Tons of food here. All painstakingly prepared, ready to eat, with beautiful decorations adorning the table.
We felt like if we left, we would blow their whole night – and then the kids spied the big platter of chicken satay on the buffet. We were committed. “It’s okay,” Sharon whispered. “It’s so cheap that if we hate it we can always get something to eat later and still come out ahead!”
We toasted the evening with our rum-laced welcome drinks (no rum for the kiddies, of course) and let the night flow where it would:
Our intitial surprise quickly turned to disappointment, then into an endurance feat to see if we could outlast this act and wait for the dancing to begin! Far from offering a traditional introduction to the legong dance to follow, the act was a five-man rock band (lead singer, electric guitar, bass guitar, keyboards, drums) made up of high school kids playing covers of John Denver songs at half-speed (with an occasional Santana tune thrown in). They sang with thick Indonesian accents, obviously phoneticizing the lyrics without understanding them, and, in true garage band tradition, turned up their amps up to an ear-splitting howl. By this time, two other couples had wandered in, so at least we weren’t suffering alone.
By mid-set, we had all stuffed ourselves with nasi goring, gado gado, and stick after stick of satay, and figured that we’d just leave before the dancing using the excuse (not far from the truth) that the kids were tired. (Tired of the music, if you want to know!) But just as we were on the verge of leaving, silence mercifully fell. We applauded the band’s departure heartily – but not so much as to encourage an encore. Politeness only goes so far.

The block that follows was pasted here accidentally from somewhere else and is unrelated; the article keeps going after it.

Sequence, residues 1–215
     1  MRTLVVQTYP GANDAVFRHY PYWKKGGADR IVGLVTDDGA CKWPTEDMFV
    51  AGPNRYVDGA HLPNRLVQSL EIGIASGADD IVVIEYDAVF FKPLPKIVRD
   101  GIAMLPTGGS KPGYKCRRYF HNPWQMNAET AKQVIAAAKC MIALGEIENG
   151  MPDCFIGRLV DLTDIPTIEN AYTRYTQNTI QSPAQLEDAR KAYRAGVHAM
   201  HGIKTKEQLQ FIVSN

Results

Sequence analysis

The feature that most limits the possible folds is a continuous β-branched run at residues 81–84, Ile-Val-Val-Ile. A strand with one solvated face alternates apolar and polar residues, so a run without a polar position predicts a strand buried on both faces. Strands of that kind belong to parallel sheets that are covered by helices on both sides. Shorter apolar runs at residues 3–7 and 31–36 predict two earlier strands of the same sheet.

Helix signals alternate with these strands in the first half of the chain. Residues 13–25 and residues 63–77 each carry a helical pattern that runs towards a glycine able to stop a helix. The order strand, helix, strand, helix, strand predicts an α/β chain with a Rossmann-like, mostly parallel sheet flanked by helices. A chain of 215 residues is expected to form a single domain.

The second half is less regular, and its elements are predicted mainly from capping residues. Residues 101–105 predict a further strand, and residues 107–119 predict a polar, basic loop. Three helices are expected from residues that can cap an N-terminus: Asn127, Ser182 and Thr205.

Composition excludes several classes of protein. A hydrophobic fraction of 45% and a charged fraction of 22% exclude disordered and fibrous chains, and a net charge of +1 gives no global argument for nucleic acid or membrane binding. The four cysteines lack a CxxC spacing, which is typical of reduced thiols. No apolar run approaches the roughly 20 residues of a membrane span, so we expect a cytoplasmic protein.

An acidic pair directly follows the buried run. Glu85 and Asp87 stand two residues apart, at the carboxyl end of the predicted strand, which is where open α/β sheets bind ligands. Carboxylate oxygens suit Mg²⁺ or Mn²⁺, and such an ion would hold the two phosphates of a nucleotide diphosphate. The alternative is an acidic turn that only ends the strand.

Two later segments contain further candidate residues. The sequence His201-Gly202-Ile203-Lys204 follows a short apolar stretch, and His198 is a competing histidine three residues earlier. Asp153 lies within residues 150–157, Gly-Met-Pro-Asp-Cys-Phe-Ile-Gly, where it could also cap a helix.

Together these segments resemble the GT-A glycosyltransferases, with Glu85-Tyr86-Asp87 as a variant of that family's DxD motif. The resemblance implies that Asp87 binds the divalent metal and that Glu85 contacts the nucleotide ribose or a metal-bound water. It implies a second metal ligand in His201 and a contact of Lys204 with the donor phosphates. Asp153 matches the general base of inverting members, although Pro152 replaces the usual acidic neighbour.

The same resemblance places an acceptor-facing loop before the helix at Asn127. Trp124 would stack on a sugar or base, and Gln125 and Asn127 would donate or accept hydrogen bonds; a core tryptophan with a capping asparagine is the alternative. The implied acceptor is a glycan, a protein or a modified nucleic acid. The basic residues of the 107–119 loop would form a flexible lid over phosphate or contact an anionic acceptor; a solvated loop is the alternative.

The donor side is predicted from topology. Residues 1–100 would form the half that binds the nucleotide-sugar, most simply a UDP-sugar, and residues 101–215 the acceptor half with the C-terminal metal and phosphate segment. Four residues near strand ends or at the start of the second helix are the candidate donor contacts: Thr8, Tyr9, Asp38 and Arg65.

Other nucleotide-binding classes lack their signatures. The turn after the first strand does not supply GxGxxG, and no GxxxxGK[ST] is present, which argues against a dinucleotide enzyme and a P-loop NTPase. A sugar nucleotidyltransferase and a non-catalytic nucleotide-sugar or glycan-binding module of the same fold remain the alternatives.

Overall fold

The manager announced that the dancers would
be out shortly – and minutes later, the lights were adjusted, recorded
music went on, and two young girls came out in elaborate costumes and
make-up to begin the traditional welcome dance.
The low light made it challenging to convey the beauty of the costumes, so Sharon took just a few photos of the welcome dance before settling back to enjoy the hypnotic gamelan music and to watch the tiny but precise movements of fingers and toes as the girls swept around the stage.
For the final dance, the lights were turned up a bit, so we got a few recognizable shots of the barong – a mythical creature that despite his unusual visage is actually good-hearted. This one had us all laughing with his movements; we may not have known the particular story he was acting out but it was very apparent when he was pretending, unsuccessfully, to fight something, and then repeatedly befuddled by his opponent.
His costume was really amazing, as were his movements: in Hollywood it might be described as Bali meets Frankenstein, doing slo-mo hip-hop. You had to be there to appreciate it!
At the end of the dancing, the girls came off the stage and tucked a flower behind each guest’s ear. We took a lot of photos of them, wanting to show our appreciation of their talent.
Next: Bali's real animals!